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Not Ready to Adopt? Are you Considering Fostering? Our foster program allows us to rescue, rehabilitate, and re-home animals in Milwaukee.

Due to logistical reasons, all foster homes should be located within 30 miles of the greater Milwaukee Area. If you are not within our geographical area or able to foster, but would like to volunteer, please submit a  volunteer application  for more information about helping at any of our upcoming events. 


Foster homes are the backbone of ANY rescue. Without our dedicated foster homes, we could not save as many dogs as we do. Dogs entering our rescue are assessed by an Foster Coordinator or have gone though an assessment at the shelter/facility. Once they are placed in a foster home, they will be seen by a vet, spayed/neutered and be placed up for adoption. 


Fostering allows you to help a dog that has nowhere else to go. You will be able to have a direct effect on setting your foster on the path for a new and wonderful life. The feeling of satisfaction over doing something good is a wonderful reward.  


What are the benefits of having Foster Homes?

  • They offer puppies/dogs a safe place to grow until they are available for adoption.

  • They give sick or injured animals a quiet home where they can recover from medical treatments.

  • They allow our animals to gain even more socialization than they would at a facility.

  • They provide us additional information about our animals to help us find a great match for their forever homes.

What are the requirements to foster?

All volunteers and fosters as well as family members must pass a background check. All animals in the home must be fixed and up-to-date on vaccinations. All fosters must also pass a home inspection. If you rent you must have landlord approval. We do not require a fenced-in yard.

How do I get assigned my foster? 

We work with our foster to homes to find a dog based on what best fits their lifestyle and preference.

Will I be financially responsible for anything? 

Canine Cupids will cover the expense of vet care, food, and other needed supplies for your foster dog. We often tell people that you supply the shelter and love, and we cover the rest.

How long will I have my foster? 

It depends. On average, fosters stay in our care for less than a month or two before they are placed in their forever homes. We have had some dogs for less than 2 weeks, some for close to a year.  

What if I have commitments occasionally that make it unable for me to foster full-time?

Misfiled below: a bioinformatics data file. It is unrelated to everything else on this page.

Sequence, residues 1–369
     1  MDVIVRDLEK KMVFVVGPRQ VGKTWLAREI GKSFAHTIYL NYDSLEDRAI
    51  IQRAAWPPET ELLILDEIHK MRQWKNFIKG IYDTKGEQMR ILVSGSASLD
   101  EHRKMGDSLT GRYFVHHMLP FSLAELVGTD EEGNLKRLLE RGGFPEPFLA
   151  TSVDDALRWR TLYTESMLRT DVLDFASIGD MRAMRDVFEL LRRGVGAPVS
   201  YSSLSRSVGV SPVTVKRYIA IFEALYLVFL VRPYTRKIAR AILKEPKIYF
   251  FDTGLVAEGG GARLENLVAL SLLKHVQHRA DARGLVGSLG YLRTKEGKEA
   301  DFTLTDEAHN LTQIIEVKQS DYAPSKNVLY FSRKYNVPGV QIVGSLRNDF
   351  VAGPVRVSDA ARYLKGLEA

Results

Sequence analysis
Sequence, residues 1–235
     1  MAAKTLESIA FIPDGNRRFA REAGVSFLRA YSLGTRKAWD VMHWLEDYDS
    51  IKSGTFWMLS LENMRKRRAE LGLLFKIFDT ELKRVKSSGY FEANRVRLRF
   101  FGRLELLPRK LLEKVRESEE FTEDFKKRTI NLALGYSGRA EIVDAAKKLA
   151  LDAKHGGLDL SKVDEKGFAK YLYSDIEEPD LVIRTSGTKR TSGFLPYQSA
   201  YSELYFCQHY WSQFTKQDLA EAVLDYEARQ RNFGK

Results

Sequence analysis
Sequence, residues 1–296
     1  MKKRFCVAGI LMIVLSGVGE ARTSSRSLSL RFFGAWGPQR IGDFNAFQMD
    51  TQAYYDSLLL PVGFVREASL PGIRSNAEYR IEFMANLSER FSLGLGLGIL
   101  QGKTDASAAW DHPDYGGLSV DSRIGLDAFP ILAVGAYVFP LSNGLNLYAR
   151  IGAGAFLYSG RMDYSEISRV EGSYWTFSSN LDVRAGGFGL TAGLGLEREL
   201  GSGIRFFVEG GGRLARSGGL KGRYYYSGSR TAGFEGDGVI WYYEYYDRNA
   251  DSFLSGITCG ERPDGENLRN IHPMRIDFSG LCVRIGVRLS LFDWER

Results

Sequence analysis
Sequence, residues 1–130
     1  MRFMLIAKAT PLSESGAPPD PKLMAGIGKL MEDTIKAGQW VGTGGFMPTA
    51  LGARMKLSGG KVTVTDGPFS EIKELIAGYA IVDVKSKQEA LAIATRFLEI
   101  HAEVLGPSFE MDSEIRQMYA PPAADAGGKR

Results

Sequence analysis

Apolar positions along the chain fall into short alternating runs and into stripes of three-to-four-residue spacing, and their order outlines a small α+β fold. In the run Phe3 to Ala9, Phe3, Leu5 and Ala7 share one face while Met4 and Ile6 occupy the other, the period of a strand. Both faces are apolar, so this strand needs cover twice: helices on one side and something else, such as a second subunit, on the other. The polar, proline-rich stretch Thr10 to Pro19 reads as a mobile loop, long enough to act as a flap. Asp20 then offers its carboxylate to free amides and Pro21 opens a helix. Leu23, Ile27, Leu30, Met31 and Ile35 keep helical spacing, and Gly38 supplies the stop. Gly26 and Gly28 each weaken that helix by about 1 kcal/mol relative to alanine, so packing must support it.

You can foster as your time and schedule permits. Obviously our goal is to place as many dogs in foster as we can so that we can continue to save more dogs. We always have other volunteer opportunities when your schedule will not permit you to take a foster, but you would like to still help.   

What do I need to foster? 

  • Large amounts of patience and love.

  • A willingness to accept a rescue dog as part of your family.

  • The willingness to evaluate temperament and reinforce basic commands (sit, stay, come).

  • A schedule that allows you to exercise the dog regularly and a safe place for the dog to stay while you are gone. 


What will CC ask of me during fostering? 

Your foster needs regular feeding, fresh water and a safe home. Most of all, a foster family provides the love and attention these dogs so desperately want. Foster families also provide insight to the dog’s behavior, attitude and temperament so that we can place him or her in the proper forever home.  We will ask you to talk to potential adopters and ask your opinion on the fit of your foster with the applicant. If you have a meet and greet, your impressions on the “fit” of that dog with the family are a part of the approval process. The information learned from the foster home is invaluable to the future placement of the dog. Some dogs have a tough time making a transition, or they have a bruised spirit from their prior situation. A foster home can provide love, stability and care for the dog and help in the healing process. Other dogs are just fine, happy-go-lucky and have no transitional issues. Often foster homes will learn what types of things the dog likes or dislikes, such as loud noises, getting along with kids or other dogs or cats. All of this information aids us in finding the perfect home for the dog.